To the bitter end: Lessons learned from a private member’s bill
A Tory backbencher looks back at the successes – and ultimate failure – of her bid to get a law passed through parliament.
By Harriett Baldwin MP
My private member's bill, the legislation (territorial extent) bill, was killed off at third reading by 20 coalition ministers summoned by the whips.
Despite ultimate failure, I did learn an awful lot about parliament in the process and I succeeded in getting a written ministerial statement on the West Lothian Commission from the government.
Here's what I learned:
1. Choose a topic that was in your manifesto, but doesn't seem to be high priority for the government. In my case, I decided to choose the thorny constitutional issue of the West Lothian Question. It was a Conservative manifesto pledge, but in the coalition programme for government it was downgraded to "we will establish a Commission to look into the West Lothian Question". As a passionate Unionist I have been keen to see a proper debate on this issue and it has often been a matter for discussion, both amongst my Westminster colleagues and in and around my West Worcestershire constituency.
2. Get the experts on side. In my case, I was able to speak to a range of Conservative parliamentarians who had thought extensively about the issue. I used their advice to frame the bill and also got very helpful advice from the clerks of the House of Commons. I also received a range of thoughts from legal brains outside parliament.
3. Most private member's bills don't get past second reading. I was lucky, because I drew number seven in the ballot – and therefore got to the top of the day's business on day seven. That meant it was first in the queue on that Friday. Still, I knew the bill would be opposed by ministers. I feared the government would ask me to withdraw my bill, or prevent it from going any further by abstaining when it came to a vote.
4. There was a risk that opponents and even the government minister could simply use the time to speak at length and use up the entire five-hour session. You need 40 members for the chamber to be quorate, including the chair. Therefore, sometimes abstaining prevents a bill getting past the critical second reading stage. I was worried about this happening, but was lucky in that Chris Bryant, the opposition spokesman, also had a private member's bill on the order paper. I think that meant that he had not encouraged his side to come in and "talk it out".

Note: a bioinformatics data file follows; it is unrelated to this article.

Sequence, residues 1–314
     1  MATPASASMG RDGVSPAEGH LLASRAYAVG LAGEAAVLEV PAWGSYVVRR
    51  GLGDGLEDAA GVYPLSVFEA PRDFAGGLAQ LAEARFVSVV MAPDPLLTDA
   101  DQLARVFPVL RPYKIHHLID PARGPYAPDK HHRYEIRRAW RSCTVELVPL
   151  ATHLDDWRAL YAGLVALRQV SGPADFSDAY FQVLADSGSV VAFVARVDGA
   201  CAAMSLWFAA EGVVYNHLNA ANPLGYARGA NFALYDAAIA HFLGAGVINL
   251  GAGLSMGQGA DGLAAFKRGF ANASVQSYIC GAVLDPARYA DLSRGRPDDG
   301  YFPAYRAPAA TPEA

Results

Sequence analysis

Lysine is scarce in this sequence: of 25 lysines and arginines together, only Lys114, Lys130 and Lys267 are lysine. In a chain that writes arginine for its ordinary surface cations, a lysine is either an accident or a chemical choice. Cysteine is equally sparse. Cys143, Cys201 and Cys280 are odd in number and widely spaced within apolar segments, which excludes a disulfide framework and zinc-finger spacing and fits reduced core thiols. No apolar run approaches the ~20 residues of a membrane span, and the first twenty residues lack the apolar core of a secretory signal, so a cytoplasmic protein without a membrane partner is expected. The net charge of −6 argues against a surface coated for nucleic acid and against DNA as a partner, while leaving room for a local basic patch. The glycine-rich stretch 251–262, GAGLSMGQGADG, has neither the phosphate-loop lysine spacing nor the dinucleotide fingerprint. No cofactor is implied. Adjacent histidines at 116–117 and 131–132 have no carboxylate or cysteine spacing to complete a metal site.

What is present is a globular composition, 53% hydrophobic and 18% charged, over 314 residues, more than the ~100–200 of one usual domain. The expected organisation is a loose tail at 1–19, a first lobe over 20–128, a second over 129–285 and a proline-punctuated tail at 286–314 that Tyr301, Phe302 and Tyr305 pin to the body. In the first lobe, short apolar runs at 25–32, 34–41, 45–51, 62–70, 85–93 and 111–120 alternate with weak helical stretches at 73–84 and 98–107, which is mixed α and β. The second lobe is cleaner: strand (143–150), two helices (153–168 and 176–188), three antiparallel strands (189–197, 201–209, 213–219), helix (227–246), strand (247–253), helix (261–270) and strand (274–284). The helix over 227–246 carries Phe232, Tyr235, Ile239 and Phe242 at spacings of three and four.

Fortunately, 19 colleagues and two tellers supported my bill and 17 opponents voted against and two tellers. The government whips were trying to get people to abstain, but
the House was just quorate and second reading was passed.
5. For the committee stage, when the bill gets sent upstairs and MPs go through the legislation line by line, it's important to try and build in a majority if possible. I had to assemble a committee of 16 with a good balance of political parties which would be approved by the committee of selection. This meant nine government and seven opposition MPs.
In the opposition party quotient I found a Labour supporter of my bill. I also asked opposition members who would be unlikely to attend, and a Liberal Democrat who was supportive from an English constituency. I had to include in the government number the minister, who was opposed, so the numbers were always likely to be quite tight, but I did manage to have an inbuilt majority. Nevertheless, the whips did manage to get to one of my supporters.
6. Get an experienced chair at committee stage. I was able to invite Roger Gale, who is very experienced, to chair.
7. Start doing your own whipping. Having won all the votes in committee against the government minister, the bill returned to the floor of the House for report and third reading. It had been unamended in committee as the government had failed to table any of the amendments they promised at second reading. By now, I had a long list of supporters who were going to stay in London on a Friday to support the bill.
8. Keep your cards close to your chest. I did not even let supporters know how many votes I had lined up.
9. It's hard to 'talk out' at report stage. The chair only selected a very narrow group of the amendments Labour had tabled. Hence even the most ardent debater was unable to sustain much debate on this topic and we moved to third reading without a vote.
10. It's just as difficult to 'talk out' at third reading. Again, the chair keeps things on a much tighter rein. But when it came to voting, the whips had done their job and ordered 20 ministers from their desk to march through the lobbies to defeat the bill 40-24. I rather think if I had had more than 40 supporters still in the chamber, the whips
would have found a few more ministers. What was clear was that despite our best efforts, the whips were always going to get their way. Nevertheless, I look forward to seeing the fuller detail on the remit of the government commission. It is something which may well have been kicked into the long grass, had I not persisted with my bill to the bitter end.
Harriett Baldwin was elected as the Conservative MP for West Worcestershire in the 2010 general election
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